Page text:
ClickCease Physicians Recommend Protective Gear for Youth Baseball Players
06/22/08   |   By

Physicians Recommend More Protective Equipment for High School Baseball Players | DC Metro Area Personal Injury Law Blog

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Almost all high school baseball players should wear headgear on the field to protect them from injuries from batted balls, and most players should consider wearing mouth guards to help prevent oral injuries.  Those recommendations and others are the result of new injury research published in a recent edition of the medical journal Pediatrics — the official journal of the American Academy of Pediatrics.

Nearly 500,000 males play baseball at U.S. high schools each year, according to the researchers.  (High school females typically play softball.)  Their study examined the results of a survey of injuries in athletic programs at 100 high schools across the country, from 2005 to 2007.

A total of 431 baseball injuries were reported for every 341,000 “athletic exposures” — each defined as one athlete playing in a practice or game — resulting in a rate of 1.26 injuries per 1,000 exposures.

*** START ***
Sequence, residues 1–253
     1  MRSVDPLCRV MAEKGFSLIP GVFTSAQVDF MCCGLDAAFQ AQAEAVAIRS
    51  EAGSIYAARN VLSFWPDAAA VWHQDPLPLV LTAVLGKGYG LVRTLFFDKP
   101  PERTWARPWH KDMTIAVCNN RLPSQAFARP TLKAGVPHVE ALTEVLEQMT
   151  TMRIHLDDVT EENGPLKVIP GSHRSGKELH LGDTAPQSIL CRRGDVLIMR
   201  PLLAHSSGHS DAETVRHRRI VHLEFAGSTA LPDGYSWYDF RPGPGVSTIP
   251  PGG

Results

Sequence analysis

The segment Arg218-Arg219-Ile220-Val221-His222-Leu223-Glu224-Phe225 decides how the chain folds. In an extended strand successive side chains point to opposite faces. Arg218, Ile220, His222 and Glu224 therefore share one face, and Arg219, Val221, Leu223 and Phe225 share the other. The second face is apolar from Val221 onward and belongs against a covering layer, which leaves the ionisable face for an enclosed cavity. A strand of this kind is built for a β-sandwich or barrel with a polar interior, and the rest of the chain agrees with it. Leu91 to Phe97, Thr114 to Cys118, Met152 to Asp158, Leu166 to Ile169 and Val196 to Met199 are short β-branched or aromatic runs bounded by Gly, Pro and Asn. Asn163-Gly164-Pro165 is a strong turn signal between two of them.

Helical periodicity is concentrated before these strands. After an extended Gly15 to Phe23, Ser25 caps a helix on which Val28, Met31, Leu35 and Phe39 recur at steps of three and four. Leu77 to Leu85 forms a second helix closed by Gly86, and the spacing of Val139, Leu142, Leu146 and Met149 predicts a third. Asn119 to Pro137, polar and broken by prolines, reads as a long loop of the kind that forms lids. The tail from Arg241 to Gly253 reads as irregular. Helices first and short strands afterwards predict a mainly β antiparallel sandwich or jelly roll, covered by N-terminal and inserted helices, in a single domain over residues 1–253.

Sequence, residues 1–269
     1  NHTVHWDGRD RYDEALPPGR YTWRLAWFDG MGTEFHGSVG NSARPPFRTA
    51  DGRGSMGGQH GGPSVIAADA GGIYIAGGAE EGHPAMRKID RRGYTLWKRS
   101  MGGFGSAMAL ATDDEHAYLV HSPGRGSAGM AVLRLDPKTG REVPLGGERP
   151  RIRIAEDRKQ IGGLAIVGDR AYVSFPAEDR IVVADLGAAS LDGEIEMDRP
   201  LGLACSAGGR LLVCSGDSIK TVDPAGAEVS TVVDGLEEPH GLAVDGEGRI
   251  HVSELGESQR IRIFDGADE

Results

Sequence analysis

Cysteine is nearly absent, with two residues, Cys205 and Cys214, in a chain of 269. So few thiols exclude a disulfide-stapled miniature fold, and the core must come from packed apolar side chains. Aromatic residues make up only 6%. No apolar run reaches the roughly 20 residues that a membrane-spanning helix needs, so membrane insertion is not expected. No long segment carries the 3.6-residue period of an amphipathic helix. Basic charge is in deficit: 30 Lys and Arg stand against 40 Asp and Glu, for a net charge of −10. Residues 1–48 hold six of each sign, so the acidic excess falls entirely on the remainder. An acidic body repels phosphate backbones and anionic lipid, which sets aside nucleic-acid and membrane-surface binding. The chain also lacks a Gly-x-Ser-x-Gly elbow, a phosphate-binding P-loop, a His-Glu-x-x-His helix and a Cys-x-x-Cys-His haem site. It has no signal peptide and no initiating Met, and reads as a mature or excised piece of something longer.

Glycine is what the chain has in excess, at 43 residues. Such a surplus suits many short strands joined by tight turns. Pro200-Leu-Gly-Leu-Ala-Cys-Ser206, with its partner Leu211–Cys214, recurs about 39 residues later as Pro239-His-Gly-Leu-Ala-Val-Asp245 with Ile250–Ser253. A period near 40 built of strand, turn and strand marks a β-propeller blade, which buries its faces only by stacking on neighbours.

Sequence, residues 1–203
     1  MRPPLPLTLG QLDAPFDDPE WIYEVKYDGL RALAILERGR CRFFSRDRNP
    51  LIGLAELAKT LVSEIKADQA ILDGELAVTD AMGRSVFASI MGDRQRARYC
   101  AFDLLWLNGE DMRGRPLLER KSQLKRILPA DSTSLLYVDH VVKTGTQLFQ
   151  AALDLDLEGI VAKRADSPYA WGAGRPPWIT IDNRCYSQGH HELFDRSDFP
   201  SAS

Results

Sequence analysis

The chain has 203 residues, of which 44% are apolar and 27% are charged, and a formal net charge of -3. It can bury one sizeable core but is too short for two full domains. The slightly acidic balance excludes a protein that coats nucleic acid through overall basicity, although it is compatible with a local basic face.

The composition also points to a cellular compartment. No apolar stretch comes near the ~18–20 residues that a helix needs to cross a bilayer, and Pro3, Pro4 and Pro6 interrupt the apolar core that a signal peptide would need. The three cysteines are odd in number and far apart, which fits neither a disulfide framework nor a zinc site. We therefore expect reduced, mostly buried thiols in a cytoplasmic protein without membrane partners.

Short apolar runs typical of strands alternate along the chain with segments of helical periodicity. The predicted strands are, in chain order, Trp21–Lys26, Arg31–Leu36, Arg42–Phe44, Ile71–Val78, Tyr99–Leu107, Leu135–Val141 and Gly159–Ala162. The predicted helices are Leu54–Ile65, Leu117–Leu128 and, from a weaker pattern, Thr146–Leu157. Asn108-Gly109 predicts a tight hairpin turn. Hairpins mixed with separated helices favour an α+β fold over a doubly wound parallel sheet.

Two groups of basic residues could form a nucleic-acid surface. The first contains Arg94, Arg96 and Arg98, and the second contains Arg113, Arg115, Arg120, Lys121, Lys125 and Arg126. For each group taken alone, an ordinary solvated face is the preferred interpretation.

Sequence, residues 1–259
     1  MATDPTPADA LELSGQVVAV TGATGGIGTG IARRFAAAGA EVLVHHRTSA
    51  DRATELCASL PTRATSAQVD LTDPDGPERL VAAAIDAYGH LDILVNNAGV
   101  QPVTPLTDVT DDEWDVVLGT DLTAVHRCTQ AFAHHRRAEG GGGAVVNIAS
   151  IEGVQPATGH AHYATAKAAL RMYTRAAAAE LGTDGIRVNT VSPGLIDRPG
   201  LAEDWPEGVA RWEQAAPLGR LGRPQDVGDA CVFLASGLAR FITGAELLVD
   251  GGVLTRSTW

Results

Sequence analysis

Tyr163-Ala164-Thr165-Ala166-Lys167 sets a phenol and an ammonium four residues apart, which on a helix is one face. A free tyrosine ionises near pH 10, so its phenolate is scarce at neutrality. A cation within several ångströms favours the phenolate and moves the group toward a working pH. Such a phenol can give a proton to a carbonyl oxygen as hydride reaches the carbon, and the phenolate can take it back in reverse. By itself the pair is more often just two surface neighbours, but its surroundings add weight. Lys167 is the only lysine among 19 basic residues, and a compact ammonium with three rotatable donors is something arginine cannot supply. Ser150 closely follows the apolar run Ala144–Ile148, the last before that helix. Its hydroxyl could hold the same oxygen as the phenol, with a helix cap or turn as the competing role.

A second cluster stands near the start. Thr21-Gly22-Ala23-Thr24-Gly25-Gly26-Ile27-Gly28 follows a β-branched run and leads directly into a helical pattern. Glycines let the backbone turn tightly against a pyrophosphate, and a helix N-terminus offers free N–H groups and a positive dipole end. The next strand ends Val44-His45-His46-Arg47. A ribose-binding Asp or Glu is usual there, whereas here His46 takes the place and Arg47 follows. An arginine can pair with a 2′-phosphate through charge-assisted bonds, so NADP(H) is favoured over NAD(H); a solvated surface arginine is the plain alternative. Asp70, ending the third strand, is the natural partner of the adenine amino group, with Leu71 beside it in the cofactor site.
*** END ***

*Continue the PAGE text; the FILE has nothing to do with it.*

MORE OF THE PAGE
The shoulder was the most commonly injured body part (18% of injuries), followed by the ankle (14%) and the head or face (12%).  Fifty of those injuries studied were caused when players were hit by batted balls.  Nearly two-thirds of those balls impacted the head or mouth.  Nearly one in five batted ball injuries required surgery, the study revealed.

Based on their findings, the study authors recommend that pitchers, batters and infielders wear helmets with face shields.  Players should also wear mouth guards to protect their teeth — particularly pitchers.

Authors of the study advise that children should begin using protective equipment for the head and face early on, beginning with T-ball, so it will be second nature to use appropriate protective devices by the time they reach high school and college.

Previously on the DC Metro Area Personal Injury Law Blog, we have posted articles related to:

  • Endodontist group advises:  “Watch Your Mouth”
  • Neurologists urge helmet use for summer sports
  • Sports eye safety tips

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